Professionals promoting biodiversity-friendly goods and services in the region discuss the challenges they've faced promoting BioTrade during the past two decades.
About one dozen professionals working on issues related to biodiversity in Brazil, Colombia, Ecuador, Panama and Peru took part in an UNCTAD webinar on 14 August to discuss their experiences as part of an ongoing revision of the principles and criteria that guide BioTrade – the production and sale of goods and services sustainably derived from plants and animals.
Global BioTrade sales, which reached $4.8 billion in 2016, have increased with consumers’ growing appetite for environmentally-friendly products and services.
More than 400 supply chains in 46 countries now use the BioTrade principles and criteria, published by UNCTAD in 2007 to ensure that the trade of goods and services derived from flora and fauna lead to improved living conditions for local communities and better conservation of natural resources.
“When we started the BioTrade initiative in 1996, we were focused mainly on developing biodiversity-friendly sectors and products. But we realized that for the initiative to reach its full potential, we needed common written principles and criteria to guide the producers, small businesses, marketers, exporters and NGOs working in the sector,” says Lorena Jaramillo, who currently steers UNCTAD’s BioTrade programme.
“And now we’re at a point where it’s time to update the guidelines, taking into account the different lessons learned over the past decades and align them to new policies and developments such as the 2030 Agenda for Sustainable Development,” Ms. Jaramillo said, adding that the revision process, which began in May 2018, is expected to end in February 2019.
The webinar allowed BioTrade professionals to share their experiences working with the seven principles in sectors as varied as food products, fashion, handicrafts, personal care and hygiene, ornamental flora and fauna, and sustainable tourism.
A fair share of the pie
More than two-thirds said that the easiest principles to implement were those on conservation and biodiversity (Principle 1) and the sustainable use of biodiversity (Principle 2). Caridad Maldonado from Peru’s export and tourism promotion commission (PROMPERÚ) said that businesses are finding it difficult to navigate the principles but are working with the country’s environment ministry to better understand them.
Conversely, more than half agreed that the principle on the fair and equitable distribution of benefits posed the most challenges. They said these included reaching an agreement with local communities on what would be a fair share of the pie, and getting information on the benefits accrued further along the value chain as the natural resources are turned into a final product.
Adriana Rivera, a BioTrade expert from Brazil, said: “There is a need to enhance the knowledge on how to deal with Access and Benefit-Sharing and traditional knowledge.”
She was referring to the Nagoya Protocol, an international agreement that entered into force in 2014 to ensure the benefits from using genetic resources are shared fairly among value chain actors, including local – often indigenous – communities.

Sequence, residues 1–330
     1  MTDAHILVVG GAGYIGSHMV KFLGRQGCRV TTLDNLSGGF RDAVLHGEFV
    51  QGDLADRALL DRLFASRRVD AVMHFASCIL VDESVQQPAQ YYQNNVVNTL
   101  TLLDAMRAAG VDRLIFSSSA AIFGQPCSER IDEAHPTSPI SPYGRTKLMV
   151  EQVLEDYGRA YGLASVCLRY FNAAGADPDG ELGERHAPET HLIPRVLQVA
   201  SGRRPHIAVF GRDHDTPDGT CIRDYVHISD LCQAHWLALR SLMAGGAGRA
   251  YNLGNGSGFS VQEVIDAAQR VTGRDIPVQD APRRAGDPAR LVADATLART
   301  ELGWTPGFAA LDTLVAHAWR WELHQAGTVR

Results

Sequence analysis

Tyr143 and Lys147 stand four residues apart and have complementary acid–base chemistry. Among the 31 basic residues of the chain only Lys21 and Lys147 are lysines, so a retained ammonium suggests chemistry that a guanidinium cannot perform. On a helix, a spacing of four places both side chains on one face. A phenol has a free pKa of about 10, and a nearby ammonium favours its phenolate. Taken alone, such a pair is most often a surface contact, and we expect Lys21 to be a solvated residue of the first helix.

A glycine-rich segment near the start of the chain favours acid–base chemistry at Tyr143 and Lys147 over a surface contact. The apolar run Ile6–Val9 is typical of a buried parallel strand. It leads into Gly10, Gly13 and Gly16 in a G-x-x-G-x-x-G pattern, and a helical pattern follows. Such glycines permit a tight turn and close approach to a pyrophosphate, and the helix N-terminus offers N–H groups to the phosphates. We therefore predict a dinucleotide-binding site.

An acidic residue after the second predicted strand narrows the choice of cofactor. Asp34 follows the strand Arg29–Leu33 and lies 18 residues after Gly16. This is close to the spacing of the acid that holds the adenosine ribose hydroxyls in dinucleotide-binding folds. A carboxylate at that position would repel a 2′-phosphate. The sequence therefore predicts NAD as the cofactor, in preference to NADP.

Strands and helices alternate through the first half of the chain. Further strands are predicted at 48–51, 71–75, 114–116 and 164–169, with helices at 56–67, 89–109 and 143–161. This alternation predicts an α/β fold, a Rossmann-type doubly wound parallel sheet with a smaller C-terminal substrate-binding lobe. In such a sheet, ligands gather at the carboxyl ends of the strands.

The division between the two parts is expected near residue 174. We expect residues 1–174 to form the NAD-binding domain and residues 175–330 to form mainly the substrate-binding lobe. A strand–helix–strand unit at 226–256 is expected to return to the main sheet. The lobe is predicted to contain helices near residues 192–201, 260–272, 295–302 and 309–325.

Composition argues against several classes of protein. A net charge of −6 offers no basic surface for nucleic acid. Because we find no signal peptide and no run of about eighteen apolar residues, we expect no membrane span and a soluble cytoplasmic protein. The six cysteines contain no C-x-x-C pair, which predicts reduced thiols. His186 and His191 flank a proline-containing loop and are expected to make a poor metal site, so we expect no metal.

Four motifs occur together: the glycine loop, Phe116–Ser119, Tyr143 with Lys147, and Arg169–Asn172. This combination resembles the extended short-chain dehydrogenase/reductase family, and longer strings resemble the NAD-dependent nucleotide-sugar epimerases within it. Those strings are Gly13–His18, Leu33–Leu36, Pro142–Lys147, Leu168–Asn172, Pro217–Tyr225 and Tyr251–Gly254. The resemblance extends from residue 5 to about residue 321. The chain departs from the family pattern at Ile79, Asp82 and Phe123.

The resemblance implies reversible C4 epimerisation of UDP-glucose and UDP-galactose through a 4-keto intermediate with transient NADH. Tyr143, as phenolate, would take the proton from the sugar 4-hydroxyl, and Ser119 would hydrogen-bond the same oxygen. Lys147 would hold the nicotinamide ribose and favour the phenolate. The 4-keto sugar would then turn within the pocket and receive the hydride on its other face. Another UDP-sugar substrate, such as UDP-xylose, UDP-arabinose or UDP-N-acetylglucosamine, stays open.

Participants agreed that a major hurdle to overcome was the lack of knowledge of the Nagoya Protocol’s technical aspects and requirements of those involved in BioTrade – often small producers, micro businesses, local non-governmental organizations.
Ms. Jaramillo said that UNCTAD was working with BioTrade partners such as the Convention on Biological Biodiversity Secretariat, the Union for Ethical BioTrade and the Access and Benefit Sharing Capacity Development Initiative to build the knowledge and skills of those working in the sector in more than 46 countries around the globe.
Another challenge, participants said, was the continued need to collect data on how the principles and criteria contribute to protecting biodiversity and enhancing livelihoods, mainly in rural areas.
Vanessa Ingar from Peru’s environment ministry said: “Sometimes it’s difficult to collect data because the information is confidential. Companies are reluctant to share information about their suppliers, prices, etcetera.” She added that the informal nature of biodiversity-based business also makes it difficult to collect exact figures.
As part of the next steps in the revision process, UNCTAD will compile a report based on the webinar and other consultations with BioTrade partners. The report will be discussed during an UNCTAD event at the 14th Meeting of the Conference of the Parties to the Convention on Biological Diversity (CBD COP 14) in November 2018 in Sharm El-Sheikh, Egypt.
Once finalized, the updated BioTrade Principles and Criteria will be uploaded onto the International Trade Centre’s Standards Map, enabling governments and companies to benchmark them with other sustainability frameworks and carry out self-assessments.
The revision process is part of the 4-year Global BioTrade Programme: linking trade, biodiversity and sustainable development, launched in April 2018 with financial support from the Swiss State Secretariat for Economic Affairs SECO.